In addition, the data about a manual report could be used as a trigger along with other data sources such as radar to reduce false alarms in operational centres, and as an early warning from the driver him/herself.

 

The desk study and report we produced in December 2019 showed promising results from this two-thread approach, (based on recognized methods), potentially 5 lives could be saved for example in 2023 if the system had been developed as we planned last year.

 

However, HE chose not proceed to the proposed demonstration of real eCall use because the perception in HE was that not enough vehicles were eCall equipped, and that there were perceived security restrictions on the eCall data sent from vehicles to BT, who run the 999 service.

 

Our response to HE

 

Regarding the objection about insufficient numbers of vehicles, our ongoing monitoring shows that there are over 7,000 eCall messages generated monthly across the UK on all roads. Therefore, it is likely that useful existing data regarding stopped vehicles on Smart Motorways, or drivers in distress is not being received by HE. The voice connection for eCall is routed to the police but it can take time for the notification to pass from the police to HE, which could be reduced by the direct access to eCall data.

 

So we believe HE are missing operational and safety benefits of seeing eCall as an augmentation to existing systems, eg radar and also the benefits on other parts of the road network (eg the all-purpose network that has a much higher accident rate but is not so emotive).

 

Regarding the data security issues, HE is an integral element in the UK emergency service rescue chain and are entitled to use personal data received through the 999 system in dealing with incidents on the road network with the HE Traffic Officer Service.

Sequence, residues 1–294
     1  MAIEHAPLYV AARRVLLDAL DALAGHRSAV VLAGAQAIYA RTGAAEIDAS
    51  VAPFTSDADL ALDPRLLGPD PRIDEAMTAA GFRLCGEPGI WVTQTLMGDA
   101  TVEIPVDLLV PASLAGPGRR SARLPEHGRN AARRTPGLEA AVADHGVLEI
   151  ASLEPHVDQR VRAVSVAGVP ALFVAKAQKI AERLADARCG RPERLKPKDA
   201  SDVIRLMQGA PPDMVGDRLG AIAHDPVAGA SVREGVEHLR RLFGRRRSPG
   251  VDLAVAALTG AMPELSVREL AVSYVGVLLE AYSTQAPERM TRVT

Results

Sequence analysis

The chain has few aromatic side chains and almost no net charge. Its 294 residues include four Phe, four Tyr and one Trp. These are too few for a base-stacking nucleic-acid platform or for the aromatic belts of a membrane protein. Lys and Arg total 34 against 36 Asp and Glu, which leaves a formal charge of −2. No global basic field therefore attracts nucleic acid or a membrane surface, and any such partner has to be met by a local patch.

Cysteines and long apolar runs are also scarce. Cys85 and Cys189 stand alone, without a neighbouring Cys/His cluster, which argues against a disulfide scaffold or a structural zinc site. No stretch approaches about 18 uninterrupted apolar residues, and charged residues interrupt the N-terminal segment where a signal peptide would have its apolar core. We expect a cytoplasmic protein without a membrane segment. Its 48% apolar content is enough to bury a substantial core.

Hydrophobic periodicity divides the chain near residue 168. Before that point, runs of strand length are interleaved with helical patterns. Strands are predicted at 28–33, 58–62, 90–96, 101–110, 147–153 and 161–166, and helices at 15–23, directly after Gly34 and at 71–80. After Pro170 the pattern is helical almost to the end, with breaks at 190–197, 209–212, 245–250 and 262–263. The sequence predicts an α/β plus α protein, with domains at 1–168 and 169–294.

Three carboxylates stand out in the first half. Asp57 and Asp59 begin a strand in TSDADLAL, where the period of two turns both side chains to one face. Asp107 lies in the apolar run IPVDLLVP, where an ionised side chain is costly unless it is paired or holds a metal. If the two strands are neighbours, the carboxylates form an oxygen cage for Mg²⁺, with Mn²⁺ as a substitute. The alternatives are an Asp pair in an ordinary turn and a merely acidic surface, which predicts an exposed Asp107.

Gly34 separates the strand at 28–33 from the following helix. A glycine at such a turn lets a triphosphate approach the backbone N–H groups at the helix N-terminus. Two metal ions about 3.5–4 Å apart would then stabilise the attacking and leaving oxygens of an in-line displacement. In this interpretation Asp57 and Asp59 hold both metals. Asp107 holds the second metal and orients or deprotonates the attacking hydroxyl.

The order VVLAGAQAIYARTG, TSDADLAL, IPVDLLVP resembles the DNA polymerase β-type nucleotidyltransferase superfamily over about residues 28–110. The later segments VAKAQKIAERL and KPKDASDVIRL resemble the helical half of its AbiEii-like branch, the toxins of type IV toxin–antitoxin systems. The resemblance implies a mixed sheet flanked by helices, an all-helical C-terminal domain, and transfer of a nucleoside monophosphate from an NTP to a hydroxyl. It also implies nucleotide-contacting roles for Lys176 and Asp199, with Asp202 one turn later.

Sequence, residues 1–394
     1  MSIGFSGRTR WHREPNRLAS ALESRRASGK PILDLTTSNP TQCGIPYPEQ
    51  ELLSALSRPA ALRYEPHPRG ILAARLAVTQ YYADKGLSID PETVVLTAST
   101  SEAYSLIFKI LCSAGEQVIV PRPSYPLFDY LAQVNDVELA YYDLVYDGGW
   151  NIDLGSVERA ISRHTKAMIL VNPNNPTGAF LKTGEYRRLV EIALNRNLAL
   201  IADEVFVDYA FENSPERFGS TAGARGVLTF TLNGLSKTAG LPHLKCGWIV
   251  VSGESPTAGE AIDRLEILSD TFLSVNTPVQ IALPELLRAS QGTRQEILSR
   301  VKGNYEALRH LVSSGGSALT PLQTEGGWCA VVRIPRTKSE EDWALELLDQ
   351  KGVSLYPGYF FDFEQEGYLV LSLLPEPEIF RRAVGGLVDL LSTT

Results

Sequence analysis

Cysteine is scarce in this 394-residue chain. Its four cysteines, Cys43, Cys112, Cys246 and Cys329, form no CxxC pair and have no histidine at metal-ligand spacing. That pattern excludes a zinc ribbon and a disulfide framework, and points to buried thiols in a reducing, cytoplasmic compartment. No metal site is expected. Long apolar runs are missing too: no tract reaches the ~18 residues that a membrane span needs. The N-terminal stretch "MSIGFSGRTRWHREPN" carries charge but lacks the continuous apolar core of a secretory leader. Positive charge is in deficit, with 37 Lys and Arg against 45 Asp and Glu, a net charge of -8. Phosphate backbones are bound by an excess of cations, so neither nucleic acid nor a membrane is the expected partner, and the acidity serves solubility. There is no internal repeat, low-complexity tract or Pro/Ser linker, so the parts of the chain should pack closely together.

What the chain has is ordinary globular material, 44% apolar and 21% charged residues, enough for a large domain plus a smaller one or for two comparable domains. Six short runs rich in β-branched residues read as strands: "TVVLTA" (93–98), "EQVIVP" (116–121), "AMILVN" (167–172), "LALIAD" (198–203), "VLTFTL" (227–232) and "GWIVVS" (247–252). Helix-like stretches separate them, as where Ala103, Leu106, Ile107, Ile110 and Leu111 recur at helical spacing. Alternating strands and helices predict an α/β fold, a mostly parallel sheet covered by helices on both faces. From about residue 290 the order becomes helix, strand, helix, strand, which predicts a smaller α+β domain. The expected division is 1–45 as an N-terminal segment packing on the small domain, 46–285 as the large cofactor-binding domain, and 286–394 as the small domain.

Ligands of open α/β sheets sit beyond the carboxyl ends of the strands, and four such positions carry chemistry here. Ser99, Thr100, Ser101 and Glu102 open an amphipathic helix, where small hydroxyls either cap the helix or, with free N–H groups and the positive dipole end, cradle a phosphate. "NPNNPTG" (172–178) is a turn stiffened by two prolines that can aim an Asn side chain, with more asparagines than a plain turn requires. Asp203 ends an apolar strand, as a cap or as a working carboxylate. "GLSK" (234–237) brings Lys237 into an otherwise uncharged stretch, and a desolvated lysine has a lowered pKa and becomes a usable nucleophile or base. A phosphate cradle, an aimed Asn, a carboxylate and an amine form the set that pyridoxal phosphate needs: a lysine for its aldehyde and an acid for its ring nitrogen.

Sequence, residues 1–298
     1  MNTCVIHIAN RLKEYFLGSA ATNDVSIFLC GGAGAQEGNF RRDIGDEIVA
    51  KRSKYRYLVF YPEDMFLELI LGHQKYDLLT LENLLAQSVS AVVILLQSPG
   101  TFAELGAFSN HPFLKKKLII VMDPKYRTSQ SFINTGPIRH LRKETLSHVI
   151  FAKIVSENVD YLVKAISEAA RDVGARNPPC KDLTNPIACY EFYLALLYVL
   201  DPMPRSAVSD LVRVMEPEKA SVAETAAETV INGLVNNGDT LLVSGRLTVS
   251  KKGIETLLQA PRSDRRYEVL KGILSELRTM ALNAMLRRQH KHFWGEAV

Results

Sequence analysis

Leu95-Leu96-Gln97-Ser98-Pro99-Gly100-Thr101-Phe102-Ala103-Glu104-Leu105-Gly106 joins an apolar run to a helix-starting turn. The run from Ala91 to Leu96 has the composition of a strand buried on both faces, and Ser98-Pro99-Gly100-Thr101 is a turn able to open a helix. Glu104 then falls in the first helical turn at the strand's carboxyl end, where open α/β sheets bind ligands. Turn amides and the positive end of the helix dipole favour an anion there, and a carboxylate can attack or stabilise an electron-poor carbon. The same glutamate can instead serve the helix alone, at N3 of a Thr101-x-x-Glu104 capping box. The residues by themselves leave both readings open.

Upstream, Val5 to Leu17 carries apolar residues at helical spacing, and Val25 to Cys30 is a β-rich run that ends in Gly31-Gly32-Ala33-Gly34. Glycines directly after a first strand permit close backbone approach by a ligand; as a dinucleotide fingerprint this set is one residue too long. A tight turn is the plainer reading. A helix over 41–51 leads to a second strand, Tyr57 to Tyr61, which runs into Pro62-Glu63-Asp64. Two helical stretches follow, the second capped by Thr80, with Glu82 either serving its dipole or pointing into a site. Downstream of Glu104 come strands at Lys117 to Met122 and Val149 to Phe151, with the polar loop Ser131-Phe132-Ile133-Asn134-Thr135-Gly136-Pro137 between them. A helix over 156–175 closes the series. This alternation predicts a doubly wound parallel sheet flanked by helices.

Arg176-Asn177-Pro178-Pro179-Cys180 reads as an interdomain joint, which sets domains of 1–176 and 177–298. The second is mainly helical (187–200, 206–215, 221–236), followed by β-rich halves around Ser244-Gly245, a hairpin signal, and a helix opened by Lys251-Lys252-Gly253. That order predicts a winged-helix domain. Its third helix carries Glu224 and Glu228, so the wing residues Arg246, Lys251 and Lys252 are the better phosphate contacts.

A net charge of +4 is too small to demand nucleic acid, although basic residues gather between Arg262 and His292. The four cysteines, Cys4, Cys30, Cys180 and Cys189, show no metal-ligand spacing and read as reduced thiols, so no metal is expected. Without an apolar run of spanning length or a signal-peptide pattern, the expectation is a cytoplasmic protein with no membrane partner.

We acknowledge the publicity that HE has recently embarked upon about “Go Left”. However, a further outcome of our report noted that there was little, if any understanding, by both the public or vehicle dealers of what eCall was, or how it should be used. A specific action we recommended was to develop this education programme and publicise eCall more widely, to educate all drivers as to what happens in the case of accident and when to use it if incidents are witnessed.

 

As part of HE’s ‘Action Plan’, education about eCall was included but so far little has been done. We do not believe that the Action Plan goes far enough in driver education, nor the proposed Highway Code updates.

 

As the number of ecall equipped vehicles rises with every new car or van sold, and increasingly with devices for older vehicles, the benefits of using eCall data rise also. So HE should now use the data that eCall provides. After all, traffic management was one of the functions it was designed to do.

 

We fully understand that eCall cannot solve the problem alone and that other infrastructure-based detection methods, such as radar and image recognition are being deployed. But eCall can provide vital augmentation to these systems.

 

In summary:

 

 

April 2021